Put On Your Red Shoes and Dance The Blues – A Bowie Tribute.

by Sheldon & Christina

(Written yesterday, on 11/01/2016, after meeting at the Three Tuns pub, now Zizzi’s Beckenham, where Bowie started his musical career)


It was the news, first thing on Monday morning, when the context of Blackstar clicked into place as the 28th and final entry into Bowie’s catalogue. Upon its release, the jarring, stark, melancholy album of seven songs was birthed into the world and instantly won over critics and fans alike. Succinct, sultry, seductive. But it’s subject matter always struck me as odd. Now, with recent news updates, it doesn’t.


Under the stewardship of long time collaborator Tony Visconti, three days ago the video for Lazarus premiered. Following on from the haunting lead single which shares the name of the album, it was the unexpected news of Bowie’s death that clarified the Sound and Vision of what would be his last single.

His bedclothes barely containing him; Bowie, looking gaunt, thin and war-weary (from a battle none of us knew he was facing), he defiantly croons:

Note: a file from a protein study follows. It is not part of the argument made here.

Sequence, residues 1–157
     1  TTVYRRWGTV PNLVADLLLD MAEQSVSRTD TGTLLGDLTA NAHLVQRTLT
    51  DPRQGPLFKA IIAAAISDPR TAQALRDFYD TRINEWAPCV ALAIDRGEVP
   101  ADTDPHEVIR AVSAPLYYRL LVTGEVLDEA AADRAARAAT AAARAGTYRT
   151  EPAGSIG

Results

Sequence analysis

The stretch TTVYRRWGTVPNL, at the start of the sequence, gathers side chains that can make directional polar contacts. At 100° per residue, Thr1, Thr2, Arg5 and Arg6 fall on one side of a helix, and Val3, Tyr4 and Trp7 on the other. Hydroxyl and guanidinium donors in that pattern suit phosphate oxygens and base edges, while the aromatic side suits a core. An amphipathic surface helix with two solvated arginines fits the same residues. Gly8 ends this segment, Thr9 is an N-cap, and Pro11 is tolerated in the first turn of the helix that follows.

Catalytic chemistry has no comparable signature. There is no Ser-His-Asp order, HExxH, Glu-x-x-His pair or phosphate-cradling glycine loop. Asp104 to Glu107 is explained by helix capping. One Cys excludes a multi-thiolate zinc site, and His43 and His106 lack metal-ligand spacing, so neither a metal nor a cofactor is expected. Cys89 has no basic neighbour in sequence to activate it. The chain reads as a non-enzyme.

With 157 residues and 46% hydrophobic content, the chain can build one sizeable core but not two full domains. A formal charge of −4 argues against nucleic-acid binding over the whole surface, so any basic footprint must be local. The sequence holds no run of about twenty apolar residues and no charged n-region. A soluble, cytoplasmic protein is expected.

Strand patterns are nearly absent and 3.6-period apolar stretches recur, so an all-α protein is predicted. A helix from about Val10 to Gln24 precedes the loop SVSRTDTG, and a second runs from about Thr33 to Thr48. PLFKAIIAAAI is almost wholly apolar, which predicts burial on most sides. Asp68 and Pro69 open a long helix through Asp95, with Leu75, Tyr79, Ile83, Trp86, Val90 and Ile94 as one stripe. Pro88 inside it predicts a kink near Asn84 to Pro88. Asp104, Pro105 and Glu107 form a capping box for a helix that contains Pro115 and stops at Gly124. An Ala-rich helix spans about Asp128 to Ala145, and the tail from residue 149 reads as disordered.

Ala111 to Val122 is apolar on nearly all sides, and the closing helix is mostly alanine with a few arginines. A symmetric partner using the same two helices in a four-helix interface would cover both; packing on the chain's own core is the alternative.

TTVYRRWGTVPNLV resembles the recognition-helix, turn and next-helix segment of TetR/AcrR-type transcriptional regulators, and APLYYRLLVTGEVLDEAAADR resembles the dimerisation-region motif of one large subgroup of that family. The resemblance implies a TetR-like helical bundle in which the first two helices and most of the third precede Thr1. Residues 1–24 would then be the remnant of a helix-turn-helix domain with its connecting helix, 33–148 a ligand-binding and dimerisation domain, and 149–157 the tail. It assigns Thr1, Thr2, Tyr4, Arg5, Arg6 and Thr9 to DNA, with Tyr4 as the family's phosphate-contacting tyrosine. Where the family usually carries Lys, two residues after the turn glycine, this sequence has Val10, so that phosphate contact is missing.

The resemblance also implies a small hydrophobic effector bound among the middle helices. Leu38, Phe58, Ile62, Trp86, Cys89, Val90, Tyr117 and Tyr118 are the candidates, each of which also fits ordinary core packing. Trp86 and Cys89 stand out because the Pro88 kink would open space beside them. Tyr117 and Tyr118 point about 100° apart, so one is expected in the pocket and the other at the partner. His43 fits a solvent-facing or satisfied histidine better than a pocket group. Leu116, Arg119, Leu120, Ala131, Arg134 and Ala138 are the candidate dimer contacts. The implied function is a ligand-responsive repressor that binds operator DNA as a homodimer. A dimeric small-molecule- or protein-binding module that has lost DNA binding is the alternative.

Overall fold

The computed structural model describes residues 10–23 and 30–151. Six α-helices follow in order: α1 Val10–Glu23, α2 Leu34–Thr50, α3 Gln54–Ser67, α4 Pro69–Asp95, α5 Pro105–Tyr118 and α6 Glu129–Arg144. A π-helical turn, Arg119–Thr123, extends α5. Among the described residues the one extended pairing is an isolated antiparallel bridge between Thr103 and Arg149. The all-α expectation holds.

‘Look up here, I’m in heaven/I’ve got scars that can’t be seen/I’ve got drama, can’t be stolen/Everybody knows me now’

It’s like every Bowie track had come together, merged and reconstructed itself into his last piece of music. One journalist wrote that he was ‘entirely in charge of his own swan song’. Yes. Yes he was. And isn’t it beautiful?

He was a Hero.


Written yesterday: 11/01/2016

We all remember where we were when we heard the news about a celebrity that meant a lot to us dying. It becomes that much of an important moment in our lives that we do not forget where we stood the moment we found out that someone we admire is no longer with us.